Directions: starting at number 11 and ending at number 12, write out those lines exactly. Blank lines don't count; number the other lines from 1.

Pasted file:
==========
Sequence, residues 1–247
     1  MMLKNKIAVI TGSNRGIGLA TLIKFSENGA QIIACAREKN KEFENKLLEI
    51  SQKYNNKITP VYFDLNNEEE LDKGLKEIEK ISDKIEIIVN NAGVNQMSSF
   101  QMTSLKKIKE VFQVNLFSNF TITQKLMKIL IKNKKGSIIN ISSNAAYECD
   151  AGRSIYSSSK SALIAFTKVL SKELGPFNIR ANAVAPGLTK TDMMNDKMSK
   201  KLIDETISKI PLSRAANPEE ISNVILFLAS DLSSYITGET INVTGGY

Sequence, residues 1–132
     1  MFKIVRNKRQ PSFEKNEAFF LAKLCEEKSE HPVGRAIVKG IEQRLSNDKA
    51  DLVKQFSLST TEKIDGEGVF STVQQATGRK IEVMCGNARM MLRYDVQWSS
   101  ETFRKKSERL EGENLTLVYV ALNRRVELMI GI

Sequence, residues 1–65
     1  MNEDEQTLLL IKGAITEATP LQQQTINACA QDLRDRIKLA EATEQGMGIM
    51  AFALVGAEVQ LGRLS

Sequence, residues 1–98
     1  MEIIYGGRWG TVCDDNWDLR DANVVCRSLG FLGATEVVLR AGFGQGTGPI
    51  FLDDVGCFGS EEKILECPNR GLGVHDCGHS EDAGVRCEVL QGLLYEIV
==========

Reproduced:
Sequence, residues 1–65
     1  MNEDEQTLLL IKGAITEATP LQQQTINACA QDLRDRIKLA EATEQGMGIM